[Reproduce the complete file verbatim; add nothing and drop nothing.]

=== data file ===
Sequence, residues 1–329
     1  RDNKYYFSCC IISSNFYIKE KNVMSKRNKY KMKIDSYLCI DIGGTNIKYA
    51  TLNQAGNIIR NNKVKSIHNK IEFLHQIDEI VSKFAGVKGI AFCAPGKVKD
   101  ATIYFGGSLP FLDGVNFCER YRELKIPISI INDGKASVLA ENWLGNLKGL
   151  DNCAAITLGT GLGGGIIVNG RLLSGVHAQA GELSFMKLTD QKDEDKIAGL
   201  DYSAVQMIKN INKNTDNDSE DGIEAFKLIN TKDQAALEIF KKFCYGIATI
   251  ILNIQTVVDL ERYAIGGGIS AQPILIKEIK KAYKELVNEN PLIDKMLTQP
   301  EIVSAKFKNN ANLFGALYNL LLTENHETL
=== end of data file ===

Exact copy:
Sequence, residues 1–329
     1  RDNKYYFSCC IISSNFYIKE KNVMSKRNKY KMKIDSYLCI DIGGTNIKYA
    51  TLNQAGNIIR NNKVKSIHNK IEFLHQIDEI VSKFAGVKGI AFCAPGKVKD
   101  ATIYFGGSLP FLDGVNFCER YRELKIPISI INDGKASVLA ENWLGNLKGL
   151  DNCAAITLGT GLGGGIIVNG RLLSGVHAQA GELSFMKLTD QKDEDKIAGL
   201  DYSAVQMIKN INKNTDNDSE DGIEAFKLIN TKDQAALEIF KKFCYGIATI
   251  ILNIQTVVDL ERYAIGGGIS AQPILIKEIK KAYKELVNEN PLIDKMLTQP
   301  EIVSAKFKNN ANLFGALYNL LLTENHETL